As we dive a bit deeper, pause and ask yourself these powerful reflective questions:
What is your purpose for entering the workplace each day?
What is your passion?
How can you demonstrate to others that you serve that purpose?
Let’s carry your answers into the world of Professional Purpose.
What I’ve learned over the years in this Agile profession is that there is a big difference between a certification and an assessment. Similar to organizations that are on an urgent pursuit of re-invention, an organization’s Agile journey isn’t about hitting financial targets – it’s about evolving into an entity that can survive and sustain a strong market position in its industry or cause-based mission. With that ‘positive intent’ organizational mindset, the results will come – but for the right reasons.
As you decide what’s right for you, try adopting this same mindset in your own profession. What knowledge do you seek? What are the values and principles that need to be grounded within you in order to make an impact in your role and your industry? With that mindset, career advancement will be the ‘lagging indicator’ of success for you.
My own path as a working example for yours
If embedding Agile values and principles into your professional core is important to you, then a fulfilling pursuit toward Scrum certifications could be a compelling path – regardless of your profession. Then again, it may not. If you’re a reader who is unfamiliar with acronyms like CSM, PSM, PMI-ACP, PSPO, CSPO, CSD, PSD, SPC ……….. it’s okay. My own profession is still struggling to understand what they mean.
It’s not about the badges. It’s about the Professional Purpose that guides people in our space to earn those cryptic designations.
To earn certifications the right way, you must be able to successfully ground yourself deeply in the principles and values that continue to challenge our profession. With that goal in mind, an ethical journey toward a deeper professional assessment was a profound eye-opener for me on many levels, and I had already been living Scrum and Agile for a number of years before I made the decision to pursue this path.
For me, it’s not about an acronym – it’s about what I gained in an effort to earn the designation through difficult assessments that tested my knowledge and years of experience in ways that, at times, felt quite uncomfortable. It forced me to reflect on my younger years as a non-Agile person – at moments, the reflection was painful. I was assessed by some special thought leaders who know Agile and Scrum from the inside-out. I am a continuous learner – I craved feedback and received it in a unique and personal way from arguably the two leading certification bodies for Scrum. I have found this feedback to be a powerful tool that I use to successfully serve others to this day.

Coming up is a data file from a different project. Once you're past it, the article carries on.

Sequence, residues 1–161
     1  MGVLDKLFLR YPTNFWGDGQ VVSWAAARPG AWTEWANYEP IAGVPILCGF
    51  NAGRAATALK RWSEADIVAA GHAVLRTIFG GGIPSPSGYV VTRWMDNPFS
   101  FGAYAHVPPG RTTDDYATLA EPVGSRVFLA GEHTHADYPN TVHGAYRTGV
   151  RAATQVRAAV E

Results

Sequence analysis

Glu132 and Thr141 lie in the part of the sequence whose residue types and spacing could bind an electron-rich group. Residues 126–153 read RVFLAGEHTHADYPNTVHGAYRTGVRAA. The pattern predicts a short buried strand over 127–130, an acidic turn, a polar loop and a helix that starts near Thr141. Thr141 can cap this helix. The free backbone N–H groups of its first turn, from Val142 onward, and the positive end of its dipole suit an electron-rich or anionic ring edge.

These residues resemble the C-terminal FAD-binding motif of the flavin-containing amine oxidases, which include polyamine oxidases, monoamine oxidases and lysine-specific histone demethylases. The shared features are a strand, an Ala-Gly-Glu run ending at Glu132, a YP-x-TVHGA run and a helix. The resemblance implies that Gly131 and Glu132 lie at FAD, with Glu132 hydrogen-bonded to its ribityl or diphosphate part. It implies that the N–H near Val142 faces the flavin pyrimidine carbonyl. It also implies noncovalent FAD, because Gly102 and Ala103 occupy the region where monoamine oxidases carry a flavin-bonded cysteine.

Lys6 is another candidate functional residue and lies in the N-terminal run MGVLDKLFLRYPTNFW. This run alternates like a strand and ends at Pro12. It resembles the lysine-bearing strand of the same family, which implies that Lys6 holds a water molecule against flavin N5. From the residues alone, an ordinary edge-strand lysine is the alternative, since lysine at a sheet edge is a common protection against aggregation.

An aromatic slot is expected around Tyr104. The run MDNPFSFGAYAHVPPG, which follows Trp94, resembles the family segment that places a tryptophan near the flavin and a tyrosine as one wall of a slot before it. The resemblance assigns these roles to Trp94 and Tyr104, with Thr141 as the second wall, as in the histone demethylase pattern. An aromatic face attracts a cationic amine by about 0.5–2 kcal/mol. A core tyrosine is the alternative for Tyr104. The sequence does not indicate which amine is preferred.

Rounding out with a Certified ScrumMaster (CSM) directly from Jeff Sutherland (co-creator of Scrum), a Professional Scrum Master (PSM) directly from Ken Schwaber (co-creator of Scrum), and a Certified LeSS Practitioner designation directly from Craig Larman (co-creator of LeSS) wasn’t enough. Are one of these certifications considered better than the others? Who cares? The value was obtained by absorbing the mindset directly from these amazing thought-leaders, but even then, I needed something more.
I am unable to quantify what “certifications” mean to me personally and professionally, especially as I witness the growth of the people, teams, leaders and organizations that I get the chance to serve. That’s what fuels me into the workplace each day. It’s my passion. When I watch others continuously improve, I feel a strong desire to improve my own abilities today, so I can do it even better tomorrow.
That’s what it feels like to have a Professional Purpose.
It’s time to discover your Professional Purpose
Use this part of my own personal and professional journey to help guide yours. What is your Professional Purpose? What makes it important to you? What is the legacy you want to leave behind to help others in the future? Use the comments section below and let’s start a conversation. What does it mean to you? Professions of all shapes and sizes are invited.